Helping Parents Help Their Children
Some strategies that parents use while interacting with their children are particularly helpful for children presenting with a language disorder. Dr. Stefano Rezzonico is helping to develop a tool that speech-language pathologists will use to evaluate what strategies parents actually use. This tool will permit to speech-language pathologists to target the strategies parents need the most to help their children learn language.
Stefano joined Dr. Luigi Girolametto’s Child Language lab with a postdoctoral fellowship granted by the Swiss National Science Foundation. Stefano obtained a co-supervised PhD in Human Sciences-Language and Communication Pathology from University of Neuchâtel (Switzerland) and in Language Sciences from Sorbonne Nouvelle (France). His research focuses on pragmatics (e.g. explanations and justifications competence), discourse (e.g. referring expressions), social interaction and their relations with developmental language impairment. He is particularly interested in parent-child interactions and parents scaffolding strategies.
Stefano is working with staff at The Hanen Centre to evaluate the psychometric properties of a rating scale developed to assess parent-child interactions. The rating scale focuses on strategies that parents use while interacting with their children. Items of the rating scale evaluate interaction-promoting strategies – as for example the use of questions and comments to continue the conversation – as well as language-based strategies – for example assessing whether the parent expands on the child’s message. The strategies analyzed by the rating scale are essential in parent-child interactions because they promote child language.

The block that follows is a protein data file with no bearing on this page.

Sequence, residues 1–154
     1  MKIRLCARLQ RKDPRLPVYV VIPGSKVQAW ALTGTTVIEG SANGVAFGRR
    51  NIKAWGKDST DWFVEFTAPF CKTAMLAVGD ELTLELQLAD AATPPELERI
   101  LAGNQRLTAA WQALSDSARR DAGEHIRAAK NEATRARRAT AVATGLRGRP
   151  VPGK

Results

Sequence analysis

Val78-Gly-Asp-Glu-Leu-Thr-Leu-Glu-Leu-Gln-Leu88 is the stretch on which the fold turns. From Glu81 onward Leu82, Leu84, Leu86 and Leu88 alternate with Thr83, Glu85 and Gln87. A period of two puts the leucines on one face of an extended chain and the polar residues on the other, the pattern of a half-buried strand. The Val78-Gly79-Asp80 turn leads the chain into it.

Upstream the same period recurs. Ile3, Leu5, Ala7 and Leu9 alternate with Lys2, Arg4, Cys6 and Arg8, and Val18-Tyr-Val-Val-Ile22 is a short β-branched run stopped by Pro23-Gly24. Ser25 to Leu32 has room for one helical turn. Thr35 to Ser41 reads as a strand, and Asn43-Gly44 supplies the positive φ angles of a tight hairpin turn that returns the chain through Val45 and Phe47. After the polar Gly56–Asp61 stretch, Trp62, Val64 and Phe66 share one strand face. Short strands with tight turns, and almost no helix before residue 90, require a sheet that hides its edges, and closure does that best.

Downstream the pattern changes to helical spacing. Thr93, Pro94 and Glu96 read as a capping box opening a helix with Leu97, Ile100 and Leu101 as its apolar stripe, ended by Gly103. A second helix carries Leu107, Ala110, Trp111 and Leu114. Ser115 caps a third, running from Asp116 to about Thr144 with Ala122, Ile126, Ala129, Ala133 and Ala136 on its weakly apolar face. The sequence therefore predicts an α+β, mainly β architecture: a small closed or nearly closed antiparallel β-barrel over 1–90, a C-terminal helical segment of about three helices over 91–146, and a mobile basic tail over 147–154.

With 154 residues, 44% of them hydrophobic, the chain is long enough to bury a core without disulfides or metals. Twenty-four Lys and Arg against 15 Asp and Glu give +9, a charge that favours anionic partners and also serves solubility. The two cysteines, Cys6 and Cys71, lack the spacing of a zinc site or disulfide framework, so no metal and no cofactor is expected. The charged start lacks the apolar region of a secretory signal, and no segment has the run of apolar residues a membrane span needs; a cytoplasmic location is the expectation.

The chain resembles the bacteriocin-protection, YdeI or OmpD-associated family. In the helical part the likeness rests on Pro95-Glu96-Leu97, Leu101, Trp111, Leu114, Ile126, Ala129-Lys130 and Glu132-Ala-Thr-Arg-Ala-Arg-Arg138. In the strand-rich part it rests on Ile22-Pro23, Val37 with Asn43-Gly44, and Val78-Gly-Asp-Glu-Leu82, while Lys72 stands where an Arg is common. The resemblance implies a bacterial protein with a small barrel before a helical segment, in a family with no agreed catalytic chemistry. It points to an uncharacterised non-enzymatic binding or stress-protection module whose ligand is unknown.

In this research, he will first evaluate the validity of each item in the scale by sending questionnaires to 2000 speech-language pathologists affiliated with The Hanen Centre. Next, 80 parent-child dyads will be videotaped. The scale will be used to rate interaction of these dyads in two different activities (a free play and a shared book reading). The scale’s reliability (inter-rater and test-retest) and internal coherence will be assessed. The results of this study will contribute to the establishment of a useful tool that will facilitate the assessment of parent-child interactions by speech-language pathologists. Since The Hanen Centre has affiliations worldwide with over 12000 speech-language pathologists, we expect that there will be a widespread uptake of the rating scale once completed. Co-investigators in this study are Elaine Weitzman (Executive Director, The Hanen Centre) and Cindy Conklin (Program Director, It Takes Two to Talk® – The Hanen Program® for Parents of Children with Language Delays, The Hanen Centre).